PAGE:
Stephen Newman

A Memory’s Worth a Thousand Pictures by Stephen Newman

In prison, inmates have a lot of time to think. It’s safe to say I’ve done more thinking in the past ten years than I did in my first 33 years of life. Most of that thinking is spent remembering better times from my past — the good old days.

I’m luckier than most. My first 33 years of life were action packed. I have plenty of memories stored up, allowing me to reminisce on a regular basis. When I’m remembering the past, I’m simultaneously forgetting the present and not worrying about the future.

What are some of these happy memories?

I remember taking an R.V. trip with my parents, as a young boy, and picking wild berries along various highways.

I remember working as a radio DJ for a night, at Power 106 in Los Angeles, while I was still in high school.

I remember the room service cheeseburger at the Ritz Carlton in New Orleans, during Mardi Gras, which to this day is the best cheeseburger I’ve ever eaten.

I remember my first love, Sharon, and flying from California to Virginia, at age 19, to meet her for the first (and only) time.

I remember the exact moment when the direct deposit hit my checking account, after selling in 2001.

I remember sitting next to Carson Daly’s mom, on a first class flight from Oakland to Palm Springs, and having her insist that I change my dog’s name from Daniella to Bella.

I remember sitting in the audience at the Celine Dion concert in Las Vegas, as Michael Jackson walked in and sat two rows in front of me.

I remember my now ex-wife getting me a helicopter tour of the bay area for my 30th birthday, and us flying underneath the Golden Gate Bridge.

I remember traveling to St. Louis in 2001, and standing on the sidelines with my field pass, watching the Rams devour the Bears on monday night.

I remember my first night, live on the air at KFRC FM in San Francisco, knowing I had finally “made it” in the radio business.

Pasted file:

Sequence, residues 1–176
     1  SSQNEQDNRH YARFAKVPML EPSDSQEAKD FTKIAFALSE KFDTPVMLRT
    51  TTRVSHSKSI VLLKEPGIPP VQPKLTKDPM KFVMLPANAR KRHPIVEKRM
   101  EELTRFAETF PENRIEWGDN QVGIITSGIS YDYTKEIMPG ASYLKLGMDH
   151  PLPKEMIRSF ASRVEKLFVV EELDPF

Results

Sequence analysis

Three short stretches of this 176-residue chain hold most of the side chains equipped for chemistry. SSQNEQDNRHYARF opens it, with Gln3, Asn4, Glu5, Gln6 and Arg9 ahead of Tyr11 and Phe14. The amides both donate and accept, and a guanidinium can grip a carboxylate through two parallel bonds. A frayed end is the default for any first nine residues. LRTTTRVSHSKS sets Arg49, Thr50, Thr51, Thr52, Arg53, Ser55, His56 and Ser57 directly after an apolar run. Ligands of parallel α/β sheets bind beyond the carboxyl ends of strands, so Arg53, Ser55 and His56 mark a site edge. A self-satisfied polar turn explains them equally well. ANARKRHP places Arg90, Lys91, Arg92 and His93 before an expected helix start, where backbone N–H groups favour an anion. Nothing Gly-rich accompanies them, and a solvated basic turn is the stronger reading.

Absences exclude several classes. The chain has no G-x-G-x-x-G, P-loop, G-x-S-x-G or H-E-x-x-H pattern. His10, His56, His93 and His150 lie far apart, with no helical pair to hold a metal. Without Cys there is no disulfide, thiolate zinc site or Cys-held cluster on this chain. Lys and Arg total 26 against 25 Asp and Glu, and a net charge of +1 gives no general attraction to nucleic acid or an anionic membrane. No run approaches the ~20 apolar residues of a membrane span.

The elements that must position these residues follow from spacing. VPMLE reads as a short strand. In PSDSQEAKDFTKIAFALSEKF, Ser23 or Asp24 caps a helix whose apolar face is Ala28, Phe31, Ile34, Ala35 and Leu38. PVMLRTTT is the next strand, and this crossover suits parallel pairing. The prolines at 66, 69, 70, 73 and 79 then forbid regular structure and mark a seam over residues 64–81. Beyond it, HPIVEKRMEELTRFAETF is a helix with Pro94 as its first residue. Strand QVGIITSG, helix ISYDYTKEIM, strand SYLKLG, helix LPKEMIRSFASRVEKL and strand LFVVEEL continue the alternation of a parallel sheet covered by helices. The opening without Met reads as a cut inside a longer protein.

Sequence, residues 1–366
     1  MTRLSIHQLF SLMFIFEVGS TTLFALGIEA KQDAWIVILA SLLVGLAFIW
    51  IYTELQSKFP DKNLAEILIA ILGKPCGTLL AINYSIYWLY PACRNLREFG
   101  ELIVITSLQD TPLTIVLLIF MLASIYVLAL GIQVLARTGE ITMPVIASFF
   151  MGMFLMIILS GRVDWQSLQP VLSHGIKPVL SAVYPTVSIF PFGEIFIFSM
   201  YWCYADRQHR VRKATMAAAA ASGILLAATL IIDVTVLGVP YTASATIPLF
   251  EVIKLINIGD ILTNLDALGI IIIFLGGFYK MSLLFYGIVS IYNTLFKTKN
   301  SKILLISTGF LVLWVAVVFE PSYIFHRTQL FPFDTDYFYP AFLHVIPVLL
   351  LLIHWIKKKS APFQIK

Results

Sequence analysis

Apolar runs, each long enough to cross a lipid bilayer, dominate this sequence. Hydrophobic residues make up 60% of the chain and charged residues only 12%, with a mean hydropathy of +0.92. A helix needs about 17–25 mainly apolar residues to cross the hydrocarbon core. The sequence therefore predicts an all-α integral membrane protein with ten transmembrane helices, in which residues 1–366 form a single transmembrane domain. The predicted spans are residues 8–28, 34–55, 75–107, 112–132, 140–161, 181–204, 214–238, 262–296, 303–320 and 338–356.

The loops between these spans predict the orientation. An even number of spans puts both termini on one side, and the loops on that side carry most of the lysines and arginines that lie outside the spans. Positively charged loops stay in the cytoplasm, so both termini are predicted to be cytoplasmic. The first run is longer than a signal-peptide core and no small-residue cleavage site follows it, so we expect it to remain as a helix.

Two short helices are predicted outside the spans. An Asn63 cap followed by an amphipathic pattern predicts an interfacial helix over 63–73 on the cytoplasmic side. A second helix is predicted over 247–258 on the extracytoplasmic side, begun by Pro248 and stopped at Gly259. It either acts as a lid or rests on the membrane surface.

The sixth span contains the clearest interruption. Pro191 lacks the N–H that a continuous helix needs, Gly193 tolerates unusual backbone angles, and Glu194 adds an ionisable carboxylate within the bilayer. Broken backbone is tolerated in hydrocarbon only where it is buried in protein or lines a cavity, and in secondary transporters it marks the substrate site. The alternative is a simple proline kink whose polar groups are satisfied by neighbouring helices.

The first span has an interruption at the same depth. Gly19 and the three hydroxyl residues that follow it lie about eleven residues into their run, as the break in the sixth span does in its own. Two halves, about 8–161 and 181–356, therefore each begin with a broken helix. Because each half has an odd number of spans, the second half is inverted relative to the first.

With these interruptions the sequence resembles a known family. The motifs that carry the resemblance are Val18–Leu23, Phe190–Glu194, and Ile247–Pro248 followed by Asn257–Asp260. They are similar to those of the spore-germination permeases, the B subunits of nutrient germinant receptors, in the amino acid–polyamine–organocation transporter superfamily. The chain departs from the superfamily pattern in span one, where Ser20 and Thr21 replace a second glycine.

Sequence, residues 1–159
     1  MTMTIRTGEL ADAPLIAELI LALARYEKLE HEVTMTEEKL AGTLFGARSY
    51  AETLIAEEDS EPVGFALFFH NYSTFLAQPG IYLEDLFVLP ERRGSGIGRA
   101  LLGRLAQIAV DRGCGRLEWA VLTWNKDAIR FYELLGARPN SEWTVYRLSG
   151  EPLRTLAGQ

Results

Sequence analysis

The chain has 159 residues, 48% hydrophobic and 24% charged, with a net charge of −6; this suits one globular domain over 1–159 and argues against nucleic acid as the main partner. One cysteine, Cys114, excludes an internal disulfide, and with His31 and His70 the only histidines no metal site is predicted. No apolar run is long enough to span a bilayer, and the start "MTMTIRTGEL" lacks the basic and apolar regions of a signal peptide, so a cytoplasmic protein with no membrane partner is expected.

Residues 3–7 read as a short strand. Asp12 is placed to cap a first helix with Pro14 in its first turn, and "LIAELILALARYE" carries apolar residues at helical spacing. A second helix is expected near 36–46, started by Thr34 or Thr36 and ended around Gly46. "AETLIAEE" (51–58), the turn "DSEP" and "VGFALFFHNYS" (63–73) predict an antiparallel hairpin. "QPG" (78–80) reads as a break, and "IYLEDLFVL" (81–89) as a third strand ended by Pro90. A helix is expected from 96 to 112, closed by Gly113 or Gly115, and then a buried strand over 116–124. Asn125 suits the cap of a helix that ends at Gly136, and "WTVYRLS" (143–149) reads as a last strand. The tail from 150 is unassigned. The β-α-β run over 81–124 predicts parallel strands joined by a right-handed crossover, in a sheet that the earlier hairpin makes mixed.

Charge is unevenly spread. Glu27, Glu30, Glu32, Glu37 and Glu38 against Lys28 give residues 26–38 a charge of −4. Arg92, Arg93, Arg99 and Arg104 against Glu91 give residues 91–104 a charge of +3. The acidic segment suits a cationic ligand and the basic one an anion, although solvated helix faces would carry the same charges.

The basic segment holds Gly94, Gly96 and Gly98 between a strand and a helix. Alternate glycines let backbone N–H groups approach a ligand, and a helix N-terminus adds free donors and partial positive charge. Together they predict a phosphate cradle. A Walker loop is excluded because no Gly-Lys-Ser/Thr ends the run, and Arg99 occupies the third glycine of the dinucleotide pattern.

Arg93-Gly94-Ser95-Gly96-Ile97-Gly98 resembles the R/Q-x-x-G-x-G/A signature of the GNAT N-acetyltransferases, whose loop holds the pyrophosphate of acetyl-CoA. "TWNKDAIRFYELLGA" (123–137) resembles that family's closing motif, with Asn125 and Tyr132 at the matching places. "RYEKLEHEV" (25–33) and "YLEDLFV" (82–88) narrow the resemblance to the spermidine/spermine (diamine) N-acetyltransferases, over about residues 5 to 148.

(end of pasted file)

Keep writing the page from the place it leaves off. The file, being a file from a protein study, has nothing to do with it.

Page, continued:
I remember taking my dad to the Staples Center for the NBA Finals between the Lakers and Celtics, just weeks before my trial.

I remember the historic taxi tour in Belfast, Northern Ireland, not knowing if we would survive the potential strife between the Catholics and Protestants.

I remember being interviewed on a nationally televised PBS show about technology. I have no idea the name of the show anymore, but I was there, I swear it!

I remember a lot of things. Many guys in here don’t have that privilege. Their memories are filled with crimes they committed, drugs they did, baby mamas they argued with, or juvenile correctional facilities they grew up in Many inmates have never even traveled outside the state of Idaho.

I remember once, at the prison in Boise circa 2012…we had just watched a particularly long movie on the prison movie channel (a staff member would bring DVDs in on the weekends and play movies on channel 3). I had to pee, but painstakingly held it until the movie ended. Afterwards, as I was peeing, I said to the 58-year-old man at the toilet next to me, “Man I felt like I was in the theater, having to hold it for hours because I didn’t want to miss anything.” His response: “Oh, really? I’ve never seen a movie in a theater.” That was the moment that it hit me — up until 2007, I had a pretty great life.

Of course, some would argue that if you haven’t done any of these types of things in life, that it’s easier to cope in prison, simply because you don’t know what you’re missing. Guys who grew up in correctional facilities won’t feel bad about not being in a helicopter under the Golden Gate. They never did it, they won’t think about it, they won’t miss it. If life truly is all about playing cards, watching sports on a shitty TV, eating honeybuns after each Thursday’s commissary delivery, masturbating in the shower (when no one is looking) to a sexy and waterproof “booty pic” wrapped in cellophane, lifting weights, and sleeping, then I suppose life in here could be heavenly.

For me, even though I can’t do the things I remember, and even though I may never be allowed the opportunity to travel again to places like Northern Ireland, I’m incredibly thankful I had the chance. I’m proud of myself for seizing the day, each and every day that I was free, and for embracing all that life had to offer. You never know when those opportunities might end, so make the most of them while you can.

I’ll leave you with one final piece of advice: instead of recording your life by taking pictures and videos on your phone, try experiencing life, instead. You miss out on so much when you’re more concerned about taking a picture of your meal for Instagram than you are about eating and enjoying it.

Stephen Newman
DOC #90843


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